Out of Phaze picks up 20 years after Juxtaposition, with the fantasy and scifi frames totally separated. The new main characters are Stile and Blue's...moreOut of Phaze picks up 20 years after Juxtaposition, with the fantasy and scifi frames totally separated. The new main characters are Stile and Blue's sons (respectively) and their predictably subservient and socially-inferior love interests. Early in the book, they swap consciousnesses, leading to hilarious(?) fish-out-of-water sequences and encountering each other's platonic female friends, who they immediately fall for. Also, somehow the evil Adepts and Citizens immediately know about the switch and set out to capture them, even though it's entirely a psychic phenomenon and the boys have trouble convincing people they're standing in front of that it has happened.
It's not a bad book, exactly - it's just kind of flat. Neither boy is particularly engaging, the love--interests are only appealing in the depths of kink they hint at (one's a unicorn, and one's an amoeba - and yes, later books totally go there) and the sexism isn't any better - in fact, at one point it's explicitly stated that Bane is only interested in a female who will totally sacrifice herself for him. And Mach's love interest tries to, which convinces him to stick around. (Also, all female androids are amoral man-eating sex fiends. Just so you know.)
The only bit that was rather striking was that Blue, who was a character only in reminiscence in the original trilogy because he wasn't tough enough to save the world, is the flexible, dynamic, successful one, and Stile, he of the unshakeable honor, is a conservative old stick-in-the-mud who basically sabotages himself. It's actually a fairly plausible extension of the original character development.(less)
Robot Adept lacks what little charm Out of Phaze has, but it's not nearly as offensive as Unicorn Point. It continues to bank on the stranger-in-parad...moreRobot Adept lacks what little charm Out of Phaze has, but it's not nearly as offensive as Unicorn Point. It continues to bank on the stranger-in-paradise concept by this time having the love interests switch - which gives us rather more access to their characters, and they do develop into relatively sympathetic people. Moreso than their partners, certainly. There's only one attempted rape, and it's foiled in a rather satisfying way (raping an amoeba Does Not Work when she can easily reform her abdomen into a fully functional vise.) The book ends with yet another plot-determining set of contests - this mechanism is a little creaky at this point, but it's entertaining enough to read. (Although... another table tennis match? They could use all the games in the universe, but you had to use this one again? Weren't up for any reseach, were you, buddy?)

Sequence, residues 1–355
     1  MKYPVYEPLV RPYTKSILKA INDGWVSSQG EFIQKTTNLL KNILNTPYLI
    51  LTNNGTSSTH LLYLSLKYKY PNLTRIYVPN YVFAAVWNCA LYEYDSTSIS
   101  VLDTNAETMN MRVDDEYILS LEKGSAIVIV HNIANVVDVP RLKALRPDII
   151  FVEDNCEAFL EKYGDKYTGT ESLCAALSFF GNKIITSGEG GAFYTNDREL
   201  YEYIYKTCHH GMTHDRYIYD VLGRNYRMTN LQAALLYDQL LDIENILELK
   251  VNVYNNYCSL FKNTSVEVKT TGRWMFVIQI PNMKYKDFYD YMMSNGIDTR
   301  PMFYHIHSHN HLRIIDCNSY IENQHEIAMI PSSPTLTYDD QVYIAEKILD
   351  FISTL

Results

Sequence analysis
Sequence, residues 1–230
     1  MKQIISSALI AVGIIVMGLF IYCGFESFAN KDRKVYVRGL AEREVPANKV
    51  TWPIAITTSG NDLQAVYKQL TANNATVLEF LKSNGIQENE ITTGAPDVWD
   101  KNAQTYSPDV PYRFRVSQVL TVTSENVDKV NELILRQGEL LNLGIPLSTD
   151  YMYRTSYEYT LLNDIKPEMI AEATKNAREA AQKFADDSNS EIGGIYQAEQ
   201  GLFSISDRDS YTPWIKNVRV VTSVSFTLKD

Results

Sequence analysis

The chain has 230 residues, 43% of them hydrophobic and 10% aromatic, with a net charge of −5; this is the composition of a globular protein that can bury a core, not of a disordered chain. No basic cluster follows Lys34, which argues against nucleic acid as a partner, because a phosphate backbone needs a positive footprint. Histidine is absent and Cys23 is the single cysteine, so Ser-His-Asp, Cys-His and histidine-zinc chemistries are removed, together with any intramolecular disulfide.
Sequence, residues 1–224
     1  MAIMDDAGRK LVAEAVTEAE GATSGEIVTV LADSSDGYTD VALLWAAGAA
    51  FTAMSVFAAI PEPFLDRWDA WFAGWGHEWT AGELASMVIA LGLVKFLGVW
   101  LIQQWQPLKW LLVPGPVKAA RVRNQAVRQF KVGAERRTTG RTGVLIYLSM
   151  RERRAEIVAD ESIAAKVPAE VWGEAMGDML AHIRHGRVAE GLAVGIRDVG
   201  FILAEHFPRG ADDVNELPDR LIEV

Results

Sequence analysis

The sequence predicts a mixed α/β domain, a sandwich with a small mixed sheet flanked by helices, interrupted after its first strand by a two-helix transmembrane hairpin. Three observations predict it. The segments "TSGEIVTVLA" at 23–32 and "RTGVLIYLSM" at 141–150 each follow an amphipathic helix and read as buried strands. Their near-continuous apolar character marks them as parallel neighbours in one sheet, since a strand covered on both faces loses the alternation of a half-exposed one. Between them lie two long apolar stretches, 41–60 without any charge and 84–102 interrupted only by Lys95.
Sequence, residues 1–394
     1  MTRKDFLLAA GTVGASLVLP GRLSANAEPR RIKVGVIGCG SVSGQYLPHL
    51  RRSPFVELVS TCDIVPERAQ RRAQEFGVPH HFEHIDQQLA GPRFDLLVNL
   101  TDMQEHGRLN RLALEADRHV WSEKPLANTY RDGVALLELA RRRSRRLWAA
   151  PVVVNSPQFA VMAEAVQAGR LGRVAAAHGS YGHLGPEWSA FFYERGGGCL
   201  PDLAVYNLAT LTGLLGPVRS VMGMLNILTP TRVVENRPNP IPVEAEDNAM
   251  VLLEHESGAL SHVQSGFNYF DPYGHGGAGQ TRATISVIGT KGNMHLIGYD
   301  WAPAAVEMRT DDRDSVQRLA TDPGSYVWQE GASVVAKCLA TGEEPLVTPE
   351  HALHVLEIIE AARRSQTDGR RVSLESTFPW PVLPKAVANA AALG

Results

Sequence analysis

Definitely the point at which the series begins to decline, but not all that objectionable in itself.(less)
1. The kids are wildly implausible and a little bit irritating. When they're introduced, they're four years old, yet capable...moreOh, dear. Where to start?
1. The kids are wildly implausible and a little bit irritating. When they're introduced, they're four years old, yet capable of executing masterful escape plots that require them to have extensive skills and knowledge. The only concession to their age is that Nepe talks in an "adorable" mushmouthed fashion, albeit with the same or greater vocabulary and sentence structure as everyone else. And yet both kids' parents mysteriously think their kids are developmentally delayed somehow.
2. Tania has been a classic sociopathic villain up til now, and in fact is the instigator of a really creepy coerced sexual encounter (rape scene #1!) but then she falls in love and is magically transformed into a good, ethical sympathetic person. But she can't have her love, because he's taken, so when she meets another random powerful man, she transfers that affection to him wholesale in about ten seconds. Man, that was a deep and powerful emotion... or something.
3. Yet more Games. Jesus, come on, man. Again, not poorly executed, but the stakes are higher every time and therefore the use of contests seems less and less plausible every time. Also it has officially Gotten Old.
4. The rape scenes. Seriously, the second half of the book is nothing but. Female character forced to tell a rape joke with herself as the victim to a live audience. Absolutely appalling surrogate rape "game." Goblin rape, multiple counts. Threatened child rape. I am not the most fragile flower about this stuff, but this was just gross - and certainly the rampant sexism throughout the series does not earn Anthony any leeway on this topic.
I am glad I finished this reread, because these were books I cared about when I was a kid, but... I'm finished. These aren't going to be taking up space on my shelves any longer. (Yes, there's one more book in the series. It's so bad that I didn't even bother adding it to my collection in the first place. Skip it!)(less)